Sunday, May 23, 2010

Racism & wealth in the US

In 1903, W.E.B. DuBois said in The Souls of Black Folks: "To be a poor man is hard, but to be a poor race in a land of dollars is the very bottom of hardship."
One of the most important, but ignored in most US media, stories of the last week highlights this hardship in a striking way.  A study,  published by the Institute on Assets and Social Policy at Brandeis University (one of my alma maters) found that the wealth gap between blacks and whites quadrupled between 1984 to 2007; from $20,000 in 1984 to $95,000 in 2003! This gap persisted for African Americans and white families in the same income range. Wealth is defined by what you own minus what you owe, so this is a much more robust and important measure than income or poverty status. What we need to remember is that income quality doesn’t lead to racial wealth equality and this helps explain the persistence of racial and ethnic health inequities!


These data are disturbing for blacks and Latinos, and especially for single women of color:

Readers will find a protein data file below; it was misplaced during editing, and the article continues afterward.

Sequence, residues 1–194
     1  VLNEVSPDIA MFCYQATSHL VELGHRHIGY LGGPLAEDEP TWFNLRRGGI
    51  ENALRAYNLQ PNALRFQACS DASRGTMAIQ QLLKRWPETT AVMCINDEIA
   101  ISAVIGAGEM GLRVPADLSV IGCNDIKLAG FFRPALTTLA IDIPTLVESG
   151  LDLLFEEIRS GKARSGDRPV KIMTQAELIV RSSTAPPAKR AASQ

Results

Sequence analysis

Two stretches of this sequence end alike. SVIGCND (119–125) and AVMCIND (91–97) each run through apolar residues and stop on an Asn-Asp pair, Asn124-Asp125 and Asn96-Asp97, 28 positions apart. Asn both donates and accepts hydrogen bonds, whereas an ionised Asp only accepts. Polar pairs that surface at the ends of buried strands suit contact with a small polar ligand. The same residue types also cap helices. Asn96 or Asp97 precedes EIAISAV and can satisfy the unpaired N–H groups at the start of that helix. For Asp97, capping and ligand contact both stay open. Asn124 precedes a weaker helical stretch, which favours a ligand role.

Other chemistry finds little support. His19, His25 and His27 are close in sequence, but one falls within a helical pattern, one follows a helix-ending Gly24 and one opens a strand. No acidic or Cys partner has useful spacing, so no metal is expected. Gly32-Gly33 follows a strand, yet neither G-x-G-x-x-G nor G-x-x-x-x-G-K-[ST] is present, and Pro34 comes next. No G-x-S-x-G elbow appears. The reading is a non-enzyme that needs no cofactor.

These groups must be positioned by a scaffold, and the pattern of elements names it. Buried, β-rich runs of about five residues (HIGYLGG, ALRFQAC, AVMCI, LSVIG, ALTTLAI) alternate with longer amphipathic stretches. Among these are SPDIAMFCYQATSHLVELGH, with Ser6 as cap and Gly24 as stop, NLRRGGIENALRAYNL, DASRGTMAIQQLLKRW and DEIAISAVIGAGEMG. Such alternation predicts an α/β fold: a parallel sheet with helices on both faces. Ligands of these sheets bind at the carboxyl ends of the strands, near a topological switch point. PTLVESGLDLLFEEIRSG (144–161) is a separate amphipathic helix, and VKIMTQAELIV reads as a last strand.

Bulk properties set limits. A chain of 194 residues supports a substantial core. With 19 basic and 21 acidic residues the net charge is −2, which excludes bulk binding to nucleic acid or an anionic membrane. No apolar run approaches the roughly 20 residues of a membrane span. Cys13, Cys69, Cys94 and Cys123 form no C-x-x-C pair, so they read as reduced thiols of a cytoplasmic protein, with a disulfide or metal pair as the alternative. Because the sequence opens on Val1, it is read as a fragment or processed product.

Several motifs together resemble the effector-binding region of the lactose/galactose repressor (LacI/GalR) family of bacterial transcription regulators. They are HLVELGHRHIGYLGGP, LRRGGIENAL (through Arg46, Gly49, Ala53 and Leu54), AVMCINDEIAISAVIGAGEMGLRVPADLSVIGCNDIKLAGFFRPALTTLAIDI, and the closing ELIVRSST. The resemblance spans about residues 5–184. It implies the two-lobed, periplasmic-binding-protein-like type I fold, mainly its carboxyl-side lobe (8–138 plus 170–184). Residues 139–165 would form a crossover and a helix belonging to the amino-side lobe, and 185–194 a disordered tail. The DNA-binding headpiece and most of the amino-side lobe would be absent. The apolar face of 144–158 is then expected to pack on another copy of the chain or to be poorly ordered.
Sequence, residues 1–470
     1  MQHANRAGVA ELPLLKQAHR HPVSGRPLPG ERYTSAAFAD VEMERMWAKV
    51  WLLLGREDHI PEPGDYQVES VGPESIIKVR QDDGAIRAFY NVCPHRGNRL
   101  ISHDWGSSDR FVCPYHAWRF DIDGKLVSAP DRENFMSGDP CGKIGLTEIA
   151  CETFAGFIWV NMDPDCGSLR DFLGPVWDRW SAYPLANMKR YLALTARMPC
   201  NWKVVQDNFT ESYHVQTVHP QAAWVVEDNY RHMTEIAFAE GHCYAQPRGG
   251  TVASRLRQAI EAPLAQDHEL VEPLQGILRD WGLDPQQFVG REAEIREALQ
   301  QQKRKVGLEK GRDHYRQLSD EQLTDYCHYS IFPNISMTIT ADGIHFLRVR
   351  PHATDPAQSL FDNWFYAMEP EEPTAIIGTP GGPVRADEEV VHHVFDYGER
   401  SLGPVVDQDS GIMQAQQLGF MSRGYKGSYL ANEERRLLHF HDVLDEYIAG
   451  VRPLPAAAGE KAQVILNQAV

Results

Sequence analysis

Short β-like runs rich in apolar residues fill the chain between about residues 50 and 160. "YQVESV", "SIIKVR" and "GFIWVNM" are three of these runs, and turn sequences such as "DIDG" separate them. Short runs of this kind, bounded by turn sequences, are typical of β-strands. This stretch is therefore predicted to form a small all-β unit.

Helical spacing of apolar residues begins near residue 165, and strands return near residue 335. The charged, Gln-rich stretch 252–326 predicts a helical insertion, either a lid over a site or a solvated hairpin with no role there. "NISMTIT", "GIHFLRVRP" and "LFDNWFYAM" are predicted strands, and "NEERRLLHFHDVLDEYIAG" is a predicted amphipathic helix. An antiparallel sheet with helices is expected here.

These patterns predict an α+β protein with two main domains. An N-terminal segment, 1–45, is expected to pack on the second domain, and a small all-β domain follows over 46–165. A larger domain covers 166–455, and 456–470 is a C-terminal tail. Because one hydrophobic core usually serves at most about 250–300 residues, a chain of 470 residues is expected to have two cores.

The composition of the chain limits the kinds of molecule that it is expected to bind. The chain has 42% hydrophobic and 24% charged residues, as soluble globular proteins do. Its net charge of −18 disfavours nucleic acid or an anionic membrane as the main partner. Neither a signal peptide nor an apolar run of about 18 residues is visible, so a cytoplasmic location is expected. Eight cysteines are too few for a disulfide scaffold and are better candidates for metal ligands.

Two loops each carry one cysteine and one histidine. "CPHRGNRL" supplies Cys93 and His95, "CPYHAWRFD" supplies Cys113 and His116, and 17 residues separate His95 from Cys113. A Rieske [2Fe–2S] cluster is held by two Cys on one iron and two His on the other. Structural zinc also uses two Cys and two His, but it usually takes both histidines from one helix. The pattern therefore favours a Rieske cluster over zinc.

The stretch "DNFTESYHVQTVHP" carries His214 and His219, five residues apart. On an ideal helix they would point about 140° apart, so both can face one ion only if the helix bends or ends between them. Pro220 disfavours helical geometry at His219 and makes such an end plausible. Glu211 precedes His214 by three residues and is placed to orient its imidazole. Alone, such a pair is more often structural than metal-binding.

One reason for this is racism in our policies - such as tax cuts for investment income (the tax rate on capital gains income is only 15%  while ordinary paycheck income is taxed at 35%) and inheritance taxes - both of which benefit the already (mostly white) and wealthy.  Persistent discrimination in housing, credit (think predatory/subprime lending, credit-card debt and pay day loans/check cashing stores), and labor-markets also perpetuate these wealth inequities.

The solutions? TARGETED PUBLIC POLICIES, with the federal government leading the way! Federal policies must close tax loopholes exploited by businesses and redistribute the wealth of the rich - whose wealth often relies on federal government built highways and tax codes.  New wealth building opportunities must be targeted to families and communities of color whose lives and health are made even more precarious by not having enough assets to stay healthy when an economic challenge arises.

1 comment:

  1. Just reading your review makes me want to read this book again! I loved it so much.
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    Simran Kaur

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